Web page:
Most of us have hobbies — activities or pastimes we find fun and fulfilling enough to spend our free time pursuing. However, some hobbies that begin as a homespun interest can transform into a full-time career or a side project.
If you have a few hours to spare and you’re looking for a new pastime, here’s a list of specialised hobbies to master and potentially make a profit.
Leatherwork blends mental and physical focus. It is both industrious and artistic, requiring strength and finesse. This is also a reasonably accessible hobby to pick up. Stroll into your local art and crafts shop, and you often find entry-level supplies to get you started. Tutorials and inspiration for projects can also be found online on many sites such as Pinterest.
Once you get the hang of working with leather, you can try making more profitable products such as shoes, bags and clothes. You’ll have a ready market since many people love the timeless appeal and texture of leather.
2. Making furniture
Furniture making or woodworking may seem like an ambitious hobby, but with the right set of tools and plenty of practice, whittling and fixing timber can be therapeutic. Start with more straightforward projects such as a small table or a compact shelf. You can also experiment working with different types of materials available in NZ such as marine plywood, chipboard, hard and softwoods.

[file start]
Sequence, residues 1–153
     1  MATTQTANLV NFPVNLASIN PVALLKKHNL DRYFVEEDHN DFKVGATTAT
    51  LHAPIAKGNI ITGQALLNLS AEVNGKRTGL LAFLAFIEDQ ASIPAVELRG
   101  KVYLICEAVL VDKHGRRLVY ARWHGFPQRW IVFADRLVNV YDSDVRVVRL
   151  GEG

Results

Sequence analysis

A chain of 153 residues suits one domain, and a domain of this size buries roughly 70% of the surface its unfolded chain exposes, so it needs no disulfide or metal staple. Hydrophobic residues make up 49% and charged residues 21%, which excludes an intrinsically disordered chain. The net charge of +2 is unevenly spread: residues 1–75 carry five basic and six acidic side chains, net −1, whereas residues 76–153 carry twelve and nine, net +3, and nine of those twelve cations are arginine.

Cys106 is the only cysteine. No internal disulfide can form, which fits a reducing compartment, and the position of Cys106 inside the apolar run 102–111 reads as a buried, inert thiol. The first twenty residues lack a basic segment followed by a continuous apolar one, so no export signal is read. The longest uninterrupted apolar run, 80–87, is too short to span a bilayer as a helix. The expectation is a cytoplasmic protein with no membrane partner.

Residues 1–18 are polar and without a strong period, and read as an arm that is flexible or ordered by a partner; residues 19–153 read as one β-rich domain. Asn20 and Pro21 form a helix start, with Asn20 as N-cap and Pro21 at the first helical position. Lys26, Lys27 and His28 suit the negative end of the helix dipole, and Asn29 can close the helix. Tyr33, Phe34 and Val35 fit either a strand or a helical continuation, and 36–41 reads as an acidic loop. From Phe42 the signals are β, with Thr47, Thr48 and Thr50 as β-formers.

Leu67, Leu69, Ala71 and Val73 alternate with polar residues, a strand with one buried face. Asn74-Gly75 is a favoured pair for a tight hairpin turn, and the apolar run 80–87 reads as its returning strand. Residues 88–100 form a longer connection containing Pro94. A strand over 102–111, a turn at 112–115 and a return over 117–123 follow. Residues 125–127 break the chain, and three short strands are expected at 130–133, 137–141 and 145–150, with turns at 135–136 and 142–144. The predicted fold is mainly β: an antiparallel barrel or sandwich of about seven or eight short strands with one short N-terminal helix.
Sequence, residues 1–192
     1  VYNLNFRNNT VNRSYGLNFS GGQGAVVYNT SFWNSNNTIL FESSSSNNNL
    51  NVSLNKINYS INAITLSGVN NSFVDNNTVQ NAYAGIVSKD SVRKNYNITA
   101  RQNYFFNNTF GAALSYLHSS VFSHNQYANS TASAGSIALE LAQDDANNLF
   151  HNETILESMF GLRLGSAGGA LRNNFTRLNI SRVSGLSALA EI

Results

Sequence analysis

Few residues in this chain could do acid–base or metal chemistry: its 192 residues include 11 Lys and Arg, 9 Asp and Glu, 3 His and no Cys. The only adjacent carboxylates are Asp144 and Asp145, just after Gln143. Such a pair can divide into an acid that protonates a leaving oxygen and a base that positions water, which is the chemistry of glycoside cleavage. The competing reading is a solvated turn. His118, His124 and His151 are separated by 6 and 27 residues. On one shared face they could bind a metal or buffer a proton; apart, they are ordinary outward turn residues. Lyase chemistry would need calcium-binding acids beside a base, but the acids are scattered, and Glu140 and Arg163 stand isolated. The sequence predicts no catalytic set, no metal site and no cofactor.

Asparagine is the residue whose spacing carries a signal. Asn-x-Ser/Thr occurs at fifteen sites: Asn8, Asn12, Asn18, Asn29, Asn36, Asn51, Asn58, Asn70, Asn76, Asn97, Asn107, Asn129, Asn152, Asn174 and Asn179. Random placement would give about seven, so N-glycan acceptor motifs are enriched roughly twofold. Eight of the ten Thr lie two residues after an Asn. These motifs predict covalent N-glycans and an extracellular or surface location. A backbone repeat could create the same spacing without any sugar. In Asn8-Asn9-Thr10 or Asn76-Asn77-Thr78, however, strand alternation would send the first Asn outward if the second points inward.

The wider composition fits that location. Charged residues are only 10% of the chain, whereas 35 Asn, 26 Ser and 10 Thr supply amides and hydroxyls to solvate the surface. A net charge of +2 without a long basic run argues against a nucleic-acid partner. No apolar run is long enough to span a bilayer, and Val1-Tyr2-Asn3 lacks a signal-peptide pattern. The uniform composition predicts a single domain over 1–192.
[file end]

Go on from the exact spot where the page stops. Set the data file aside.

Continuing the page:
Once you get the hang of woodworking, you will find that there’s nothing more satisfying than taking a raw board and turning it into something beautiful and functional.
3. Painting portraits
Portraiture is an old art form that dates back to ancient Egypt. It was also an aristocratic, European tradition born out of devotional and dynastic purposes. Once considered a relic due to the invention of cameras, portrait painting is making a comeback as people’s tastes have brought this form of art back into fashion.
If you have artistic flair and a good eye, how about painting portraits on a commission basis? Examine the art of experienced portrait painters to discover the techniques of their work, and look online for advice. Practise makes perfect, so you’ll need a few stoic volunteers before you can start working out your pricing list. Divide your rates into categories such as head, mid-size, full figure and so on.
Full-time professional photography is competitive, but using your hobby to make some extra cash is not so difficult. The popularity of social media has opened up new opportunities for freelance photographers, and the chance to find clients is easier when asking your friends and family to share your photos.
Before taking the plunge into the world of freelance photography, choose an area of speciality. For example, you might want to concentrate on portraits or pets. Once you select an area, you will find it easier to market yourself to potential clients.
One of the best ways to earn extra income is by getting paid to do something that you enjoy doing. If you feel in a rut or want to vary your income sources, now’s as good a time as any to get started.